SANTA FE, N.M. (AP) — New Mexico established public campaign financing for statewide judicial races five years ago, but a glitch in the law didn’t allow candidates for the state Supreme Court in the November general election to qualify for the program that was supposed to protect judges from potential conflicts of interests from traditional political fundraising.
The Democratic and Republican candidates for a seat on New Mexico’s highest court report have collected about $161,000 for their campaigns so far, according to the latest finance reports filed by their campaigns.
Newly appointed Justice Paul Kennedy, a Republican, and Democratic candidate Barbara Vigil say they would have opted for public financing had it been available. The candidates couldn’t seek public financing because a vacancy on the court, which prompted the race, occurred after the primary election.
“It’s pretty difficult to raise money for judicial races. I think the intent behind the Legislature was that it’s a bit unseemly for judges to be out raising money,” Kennedy said in a recent [auth] interview.
Vigil, the chief judge in the 1st Judicial District, said public financing “would simply enable the judicial candidate to run on his or her qualifications” without having to focus on fundraising.
Judicial ethical standards, they said, require candidates to separate themselves from their campaign fundraising operations. The goal is to help eliminate possible conflicts of interest that could happen if a campaign donor, such as a lawyer or a business, becomes part of a lawsuit that later comes before the judge.
“There’s nothing magic about it,” said Kennedy. “We’re not allowed to ask for money directly and we’re not to know who is contributing and what they are contributing. So what you try to do is … insulate yourself from that with your campaign people.”
The state enacted a law in 2007 to provide public money for campaigns for Supreme Court and state Court of Appeals races. However, the law wasn’t written to cover the possibility of an appellate court race developing after the primary election although that happened in 2002 and 1996 with Supreme Court positions.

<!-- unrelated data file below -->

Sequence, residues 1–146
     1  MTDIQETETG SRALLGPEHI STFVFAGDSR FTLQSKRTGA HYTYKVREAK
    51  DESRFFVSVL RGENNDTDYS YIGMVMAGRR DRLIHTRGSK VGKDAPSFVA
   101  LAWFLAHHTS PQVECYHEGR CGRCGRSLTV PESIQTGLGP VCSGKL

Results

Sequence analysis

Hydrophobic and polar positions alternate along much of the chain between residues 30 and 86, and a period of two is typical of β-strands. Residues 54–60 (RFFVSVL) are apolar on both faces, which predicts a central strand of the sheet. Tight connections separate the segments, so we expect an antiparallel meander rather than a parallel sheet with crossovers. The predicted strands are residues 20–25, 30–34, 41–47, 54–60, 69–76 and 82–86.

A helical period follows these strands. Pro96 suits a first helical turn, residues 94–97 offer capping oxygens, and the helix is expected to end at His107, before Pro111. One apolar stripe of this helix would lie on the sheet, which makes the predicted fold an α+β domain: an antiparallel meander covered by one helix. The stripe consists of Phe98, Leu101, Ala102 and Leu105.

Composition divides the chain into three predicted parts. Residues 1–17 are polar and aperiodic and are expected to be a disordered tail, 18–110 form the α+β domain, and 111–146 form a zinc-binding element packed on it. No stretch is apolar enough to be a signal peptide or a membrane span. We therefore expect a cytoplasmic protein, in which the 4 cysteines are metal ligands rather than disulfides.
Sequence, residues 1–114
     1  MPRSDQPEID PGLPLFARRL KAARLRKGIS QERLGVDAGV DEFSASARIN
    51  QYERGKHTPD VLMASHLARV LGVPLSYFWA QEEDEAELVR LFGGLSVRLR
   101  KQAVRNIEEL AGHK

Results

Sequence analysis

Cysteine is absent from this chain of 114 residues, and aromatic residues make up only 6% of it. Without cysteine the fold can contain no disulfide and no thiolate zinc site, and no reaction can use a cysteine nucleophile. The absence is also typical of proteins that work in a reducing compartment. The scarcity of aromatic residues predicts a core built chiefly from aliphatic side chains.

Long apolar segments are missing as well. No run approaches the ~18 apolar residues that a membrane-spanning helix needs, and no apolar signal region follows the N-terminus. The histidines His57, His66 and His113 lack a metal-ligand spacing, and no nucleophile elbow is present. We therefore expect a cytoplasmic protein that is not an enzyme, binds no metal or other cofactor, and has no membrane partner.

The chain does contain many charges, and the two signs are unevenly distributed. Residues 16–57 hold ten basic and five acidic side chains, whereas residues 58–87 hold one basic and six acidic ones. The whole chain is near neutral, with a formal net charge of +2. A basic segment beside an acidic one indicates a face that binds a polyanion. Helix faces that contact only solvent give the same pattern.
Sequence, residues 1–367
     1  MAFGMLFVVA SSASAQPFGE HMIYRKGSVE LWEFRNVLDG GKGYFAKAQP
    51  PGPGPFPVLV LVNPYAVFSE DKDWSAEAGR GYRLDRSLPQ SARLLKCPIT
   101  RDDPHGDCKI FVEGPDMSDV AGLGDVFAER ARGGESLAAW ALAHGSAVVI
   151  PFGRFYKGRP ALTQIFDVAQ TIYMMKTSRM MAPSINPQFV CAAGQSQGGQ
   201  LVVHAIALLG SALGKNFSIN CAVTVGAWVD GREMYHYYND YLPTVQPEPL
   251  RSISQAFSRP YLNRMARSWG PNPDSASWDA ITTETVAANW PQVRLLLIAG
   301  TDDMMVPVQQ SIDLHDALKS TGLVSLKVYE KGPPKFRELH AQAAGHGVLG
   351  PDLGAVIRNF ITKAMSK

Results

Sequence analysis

The law requires candidates to collect a certain number of small contributions to become eligible for public financing. Democratic and Republican candidates must do that by late March of the election year.
However, there was no Supreme Court position to be decided in a partisan election this year until Justice Patricio Serna announced in mid-June that he would retire later in the summer. He served until late August. Serna’s departure set into motion a complicated procedure for temporarily filling the vacancy and electing someone to the court to serve the remainder of his term through 2016.
Republican Gov. Susana Martinez appointed Kennedy in September from candidates suggested by a bipartisan nominating commission. An appointed judge, who wishes to keep the job, is required to run in a partisan election in the next general election and the winner then faces periodic nonpartisan retention elections.
Because the Supreme Court vacancy occurred too late to have the nominations decided in the primary election, political parties selected their nominees to run in the November general election — Kennedy and Vigil.
Viki Harrison, executive director of Common Cause in New Mexico, said Friday the group will explore possible fixes to the judicial public financing system during next year’s Legislature.
“Especially for a Supreme Court justice, you don’t want them to be beholden to anybody,” said Harrison.
A candidate could have received about $179,600 in public financing in the general election had the system been available in the Supreme Court race, according to the secretary of state’s office.
Vigil has raised $100,143 for her campaign and Kennedy has collected $61,356 through the end of October, according to finance reports filed by the candidates. Contributions from lawyers and a political committee of the New Mexico Trial Lawyers Association account for about three-fourths of the money collected by Vigil’s campaign and a fifth of Kennedy’s campaign fundraising.
Vigil has spent $78,890 on her campaign compared to $45,143 by Kennedy.